Certainly that describes many people. There are about 700,000,000 christians in the world today, and were Christ's faith and way of life a vital force in anything like that number, the condition of this world would be far better than it is. How much truth there is in the lines of a modern poet who speaks about our worshipping congregation:

They do it every Sunday,
They'll be all right on Monday;
It's just a little habit they've acquired.5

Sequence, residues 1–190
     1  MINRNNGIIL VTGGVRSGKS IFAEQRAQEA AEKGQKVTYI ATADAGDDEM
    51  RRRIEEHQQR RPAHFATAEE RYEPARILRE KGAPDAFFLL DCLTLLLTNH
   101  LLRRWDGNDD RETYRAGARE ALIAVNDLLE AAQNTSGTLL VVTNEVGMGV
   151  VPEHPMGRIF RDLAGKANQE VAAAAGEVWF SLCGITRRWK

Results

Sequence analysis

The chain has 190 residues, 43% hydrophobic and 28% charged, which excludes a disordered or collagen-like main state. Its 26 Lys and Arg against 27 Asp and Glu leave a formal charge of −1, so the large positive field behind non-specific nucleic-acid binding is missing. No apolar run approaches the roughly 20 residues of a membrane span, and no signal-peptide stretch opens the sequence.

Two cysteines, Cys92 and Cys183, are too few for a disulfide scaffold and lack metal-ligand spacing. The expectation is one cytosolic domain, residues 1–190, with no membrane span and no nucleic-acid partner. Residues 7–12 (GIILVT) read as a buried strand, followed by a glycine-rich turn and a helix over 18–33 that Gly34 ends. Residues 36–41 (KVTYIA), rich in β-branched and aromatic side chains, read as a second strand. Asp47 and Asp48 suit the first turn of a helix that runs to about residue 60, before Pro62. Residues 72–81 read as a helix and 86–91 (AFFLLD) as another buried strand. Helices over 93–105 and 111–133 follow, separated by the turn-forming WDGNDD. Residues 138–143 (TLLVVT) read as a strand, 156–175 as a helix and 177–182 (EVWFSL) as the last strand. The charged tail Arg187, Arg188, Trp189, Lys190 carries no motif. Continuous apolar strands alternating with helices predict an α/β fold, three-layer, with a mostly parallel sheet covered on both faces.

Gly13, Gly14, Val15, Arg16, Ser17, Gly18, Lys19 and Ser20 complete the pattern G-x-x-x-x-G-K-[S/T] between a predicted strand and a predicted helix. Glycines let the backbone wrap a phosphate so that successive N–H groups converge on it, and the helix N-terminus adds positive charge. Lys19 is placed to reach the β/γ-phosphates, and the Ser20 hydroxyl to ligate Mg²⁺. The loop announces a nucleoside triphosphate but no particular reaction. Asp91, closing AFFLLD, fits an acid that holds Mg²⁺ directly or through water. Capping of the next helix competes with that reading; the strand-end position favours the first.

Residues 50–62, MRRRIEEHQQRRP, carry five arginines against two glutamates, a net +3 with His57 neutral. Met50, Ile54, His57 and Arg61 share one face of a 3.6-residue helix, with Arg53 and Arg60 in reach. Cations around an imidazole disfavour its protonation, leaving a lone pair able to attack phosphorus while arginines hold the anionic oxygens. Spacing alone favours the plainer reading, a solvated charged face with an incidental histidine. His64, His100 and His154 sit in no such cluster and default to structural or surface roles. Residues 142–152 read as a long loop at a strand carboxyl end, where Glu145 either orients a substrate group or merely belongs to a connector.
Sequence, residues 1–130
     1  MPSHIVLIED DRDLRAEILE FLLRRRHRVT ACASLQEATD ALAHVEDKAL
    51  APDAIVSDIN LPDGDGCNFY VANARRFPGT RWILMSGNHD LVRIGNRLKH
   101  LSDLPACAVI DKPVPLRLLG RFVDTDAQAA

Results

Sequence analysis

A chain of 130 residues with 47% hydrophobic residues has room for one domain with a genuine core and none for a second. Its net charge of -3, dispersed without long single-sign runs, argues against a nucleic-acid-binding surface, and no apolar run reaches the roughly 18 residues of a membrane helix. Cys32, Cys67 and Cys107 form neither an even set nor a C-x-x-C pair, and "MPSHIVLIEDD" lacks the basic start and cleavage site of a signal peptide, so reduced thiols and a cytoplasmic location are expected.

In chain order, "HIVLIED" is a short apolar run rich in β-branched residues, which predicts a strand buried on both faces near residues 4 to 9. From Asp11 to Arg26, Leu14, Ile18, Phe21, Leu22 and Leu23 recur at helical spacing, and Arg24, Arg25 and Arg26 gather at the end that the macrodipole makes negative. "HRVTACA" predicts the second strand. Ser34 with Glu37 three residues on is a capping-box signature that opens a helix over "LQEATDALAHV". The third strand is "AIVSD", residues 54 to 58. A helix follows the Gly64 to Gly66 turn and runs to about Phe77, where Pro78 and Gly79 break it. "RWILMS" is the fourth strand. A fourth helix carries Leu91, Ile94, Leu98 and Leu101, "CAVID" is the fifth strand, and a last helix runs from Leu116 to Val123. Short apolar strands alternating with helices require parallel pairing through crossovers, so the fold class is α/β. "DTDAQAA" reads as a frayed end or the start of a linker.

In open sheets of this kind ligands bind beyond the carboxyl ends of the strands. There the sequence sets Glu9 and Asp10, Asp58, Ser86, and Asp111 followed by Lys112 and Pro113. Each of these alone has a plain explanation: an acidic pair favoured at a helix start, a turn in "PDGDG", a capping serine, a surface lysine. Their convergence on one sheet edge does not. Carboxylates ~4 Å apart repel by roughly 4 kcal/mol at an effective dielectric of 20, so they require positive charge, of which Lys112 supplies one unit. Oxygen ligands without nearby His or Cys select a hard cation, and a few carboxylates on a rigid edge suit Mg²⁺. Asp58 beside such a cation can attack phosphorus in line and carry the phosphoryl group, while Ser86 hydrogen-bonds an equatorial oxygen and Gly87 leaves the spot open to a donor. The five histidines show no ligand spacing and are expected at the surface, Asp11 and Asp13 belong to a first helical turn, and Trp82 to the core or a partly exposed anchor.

How much of our contemporary christianity can be described as a mere Sunday habit. To put it fugutively, christianity is not a garment that we wear in everyday life, but it is a Sunday suit which we put on on Sunday morning and hang up neatly in the closet on Sunday night never to be touched again until the next Sunday. We have a form of religion but have nothing to do with it as a force. As E. Stanley Jones put it, “innoculated with a mild form of christianity, we have become immune to the genuine article.”6 Yet if religion is to be real and genuine in our lives it must be experienced as a dynamic force. Religion must be effective in the political world, the economic world, and indeed the whole social situation. Religion should flow through the stream of the whole {of} life. The easygoing dicotymy between the sacred and the secular, the god of religion and the god of life, the god of Sunday and the god of Monday has wrought havoc in the portals of religion. We must come to see that the god of religion is the god of life and that the god of Sunday is the god of Monday.